Imagine this: you step into the elevator and instinctively reach for your smart phone, only to discover that you've mistakenly left it at your desk. A sense of panic sets in as you wonder what to do. What will you think about when you can't have your "thoughts" fed to you? 

We live in an age of information, when there is always a new browser window to open, pop-up to click, post to like, and headline to react to. According to Pew Research, 31% of adults are online nearly constantly. This has led to as many as 75% of adults feeling better informed about national news and 65% perceiving themselves more knowledgeable about health and fitness.  

More people being more informed sounds like a positive development. With the benefit of receiving more input than ever, we might expect our output to be greater, too. A higher volume of information readily at our disposal should better equip us to make decisions, connect the dots, and share knowledge with one another.  

Yet, the power of information comes with an asterisk. We are facing a moment in time when people are feeling more disconnected than ever. Mental health problems are more pervasive among young people who frequently use social media. Not only are Americans generally feeling more isolated, anxious and depressed; they are also becoming less creative. Torrance creativity scores have been steadily declining since the '90s (University of William and Mary), which many scientists attribute to the increased time we spend staring at our screens, presumably consuming information.   

As someone who credits my track record of launching unlikely social ventures like KIND (at least in part) to my penchant for daydreaming and "talking to myself," I suspect that the gap between information and creativity lies in our distracted movement away from self-reflection. I have no doubt that those moments I spent whistling and singing on the walk to school; the countless times boredom forced me to use my imagination; and the brainstorms I still conduct unofficially in the shower, have helped me uncover what gives me meaning, and have led to some my most creative ideas.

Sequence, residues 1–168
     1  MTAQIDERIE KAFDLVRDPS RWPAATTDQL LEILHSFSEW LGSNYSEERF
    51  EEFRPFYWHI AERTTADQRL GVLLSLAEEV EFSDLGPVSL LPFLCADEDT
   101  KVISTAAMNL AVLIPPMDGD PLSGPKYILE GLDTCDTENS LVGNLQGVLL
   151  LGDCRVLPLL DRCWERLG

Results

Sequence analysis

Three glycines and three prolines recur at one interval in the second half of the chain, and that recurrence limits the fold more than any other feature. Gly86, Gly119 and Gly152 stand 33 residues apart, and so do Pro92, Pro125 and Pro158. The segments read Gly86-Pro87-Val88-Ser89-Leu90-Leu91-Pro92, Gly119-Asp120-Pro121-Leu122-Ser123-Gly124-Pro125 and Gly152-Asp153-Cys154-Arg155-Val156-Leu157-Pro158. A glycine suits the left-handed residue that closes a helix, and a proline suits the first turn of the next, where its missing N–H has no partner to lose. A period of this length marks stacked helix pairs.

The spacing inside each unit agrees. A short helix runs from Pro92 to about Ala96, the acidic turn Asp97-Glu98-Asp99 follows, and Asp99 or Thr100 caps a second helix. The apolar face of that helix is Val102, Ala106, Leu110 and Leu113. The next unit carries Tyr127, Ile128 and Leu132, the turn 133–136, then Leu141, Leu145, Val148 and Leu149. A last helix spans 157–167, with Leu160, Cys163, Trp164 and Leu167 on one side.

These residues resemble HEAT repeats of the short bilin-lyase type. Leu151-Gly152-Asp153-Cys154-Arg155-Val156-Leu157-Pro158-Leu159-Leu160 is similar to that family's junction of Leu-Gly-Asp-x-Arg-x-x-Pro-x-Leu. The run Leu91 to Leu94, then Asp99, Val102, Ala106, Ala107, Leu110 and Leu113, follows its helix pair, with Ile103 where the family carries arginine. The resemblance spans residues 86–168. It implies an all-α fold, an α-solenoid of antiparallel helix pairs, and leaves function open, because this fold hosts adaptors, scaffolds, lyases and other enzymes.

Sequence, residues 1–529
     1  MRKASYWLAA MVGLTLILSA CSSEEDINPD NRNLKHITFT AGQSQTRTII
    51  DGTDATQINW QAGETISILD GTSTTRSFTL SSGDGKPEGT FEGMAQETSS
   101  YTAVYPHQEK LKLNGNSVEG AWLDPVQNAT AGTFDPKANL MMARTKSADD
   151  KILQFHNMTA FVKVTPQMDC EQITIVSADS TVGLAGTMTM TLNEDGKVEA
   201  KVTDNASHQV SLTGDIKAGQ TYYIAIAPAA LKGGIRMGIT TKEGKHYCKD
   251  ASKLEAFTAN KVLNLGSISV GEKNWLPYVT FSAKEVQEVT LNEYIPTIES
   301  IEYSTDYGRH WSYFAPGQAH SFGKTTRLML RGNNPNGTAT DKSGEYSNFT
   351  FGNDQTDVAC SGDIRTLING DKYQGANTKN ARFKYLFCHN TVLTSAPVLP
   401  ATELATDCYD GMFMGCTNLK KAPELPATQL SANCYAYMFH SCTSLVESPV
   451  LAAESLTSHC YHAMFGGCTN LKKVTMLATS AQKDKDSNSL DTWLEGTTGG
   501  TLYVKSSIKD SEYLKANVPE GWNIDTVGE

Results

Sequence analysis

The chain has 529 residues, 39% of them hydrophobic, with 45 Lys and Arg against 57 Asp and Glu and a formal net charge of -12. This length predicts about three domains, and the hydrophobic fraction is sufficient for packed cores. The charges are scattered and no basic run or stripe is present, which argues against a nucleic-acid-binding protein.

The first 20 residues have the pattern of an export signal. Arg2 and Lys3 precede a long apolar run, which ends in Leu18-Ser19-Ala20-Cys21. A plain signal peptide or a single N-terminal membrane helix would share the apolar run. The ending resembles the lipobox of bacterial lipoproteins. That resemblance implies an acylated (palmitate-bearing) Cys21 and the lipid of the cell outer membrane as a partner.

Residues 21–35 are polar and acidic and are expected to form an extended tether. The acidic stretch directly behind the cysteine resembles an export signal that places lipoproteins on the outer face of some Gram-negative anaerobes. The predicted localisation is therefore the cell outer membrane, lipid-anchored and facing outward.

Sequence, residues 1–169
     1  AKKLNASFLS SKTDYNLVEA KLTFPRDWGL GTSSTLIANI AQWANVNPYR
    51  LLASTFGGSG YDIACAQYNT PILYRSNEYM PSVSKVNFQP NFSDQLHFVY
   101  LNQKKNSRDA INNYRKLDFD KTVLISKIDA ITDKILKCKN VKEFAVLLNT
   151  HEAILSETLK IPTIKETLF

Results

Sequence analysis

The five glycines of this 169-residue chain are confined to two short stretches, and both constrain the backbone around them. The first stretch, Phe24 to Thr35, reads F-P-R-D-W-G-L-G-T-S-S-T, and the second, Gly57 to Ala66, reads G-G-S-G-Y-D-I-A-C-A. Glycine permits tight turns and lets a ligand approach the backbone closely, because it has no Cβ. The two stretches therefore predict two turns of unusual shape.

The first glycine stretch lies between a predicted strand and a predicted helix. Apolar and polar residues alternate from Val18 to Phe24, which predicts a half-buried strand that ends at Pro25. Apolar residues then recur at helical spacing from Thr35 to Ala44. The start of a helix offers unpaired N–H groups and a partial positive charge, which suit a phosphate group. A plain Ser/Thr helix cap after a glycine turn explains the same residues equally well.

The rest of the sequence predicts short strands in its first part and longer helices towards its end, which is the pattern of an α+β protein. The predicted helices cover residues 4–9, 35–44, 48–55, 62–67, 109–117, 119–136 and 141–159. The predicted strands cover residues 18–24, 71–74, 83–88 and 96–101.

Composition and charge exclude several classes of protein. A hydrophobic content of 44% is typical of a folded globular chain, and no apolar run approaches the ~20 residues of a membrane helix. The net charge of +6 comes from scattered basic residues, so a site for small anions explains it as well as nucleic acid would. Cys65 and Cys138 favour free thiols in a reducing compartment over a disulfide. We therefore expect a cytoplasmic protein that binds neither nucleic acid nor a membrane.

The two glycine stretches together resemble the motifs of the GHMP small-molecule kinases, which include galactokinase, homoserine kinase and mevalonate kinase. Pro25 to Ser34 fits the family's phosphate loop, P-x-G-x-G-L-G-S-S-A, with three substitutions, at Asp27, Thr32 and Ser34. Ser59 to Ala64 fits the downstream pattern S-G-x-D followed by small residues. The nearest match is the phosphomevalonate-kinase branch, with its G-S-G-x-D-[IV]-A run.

Self-reflection is the transformative process of converting information into something far more valuable: ideas. It is an exercise through which we make sense of inputs, critically evaluate them, and consider what we might have done wrong so that we can do better next time. It can help us sort fact from fiction. It can help us relate information to our own life experiences to inform our own purpose. By combining information in unexpected ways, we practice creativity. If material simply goes in, but doesn't get analyzed, it's not only worthless; it's an impediment to productive thought.  

One of the reasons children are considered more creative than adults is that they know less. They have less information about how the world works, which leaves more space for them to imagine what it could be. This does not mean that we should all go ahead and succumb to ignorance, but it does mean that we should be wary of information overload drowning out self-reflection.  

Digesting thoughts requires more energy than does simply consuming information. It follows that self-reflection requires commitment from our part. Especially in the age of information, we are fighting against addictive properties of dopamine-triggering constant reward-systems. It is easy to get distracted. It is easy to be entertained. It is easy, but also damaging, to slowly let our own creativity slip away.  

Anyone who has decided to be an entrepreneur is not looking for easy. Entrepreneurs depend on their creativity, and that creativity relies on spending concerted time and space away from your devices to let your mind wander, think critically, and create. The next time you are stepping out of the office, consider leaving your phone behind and see what happens.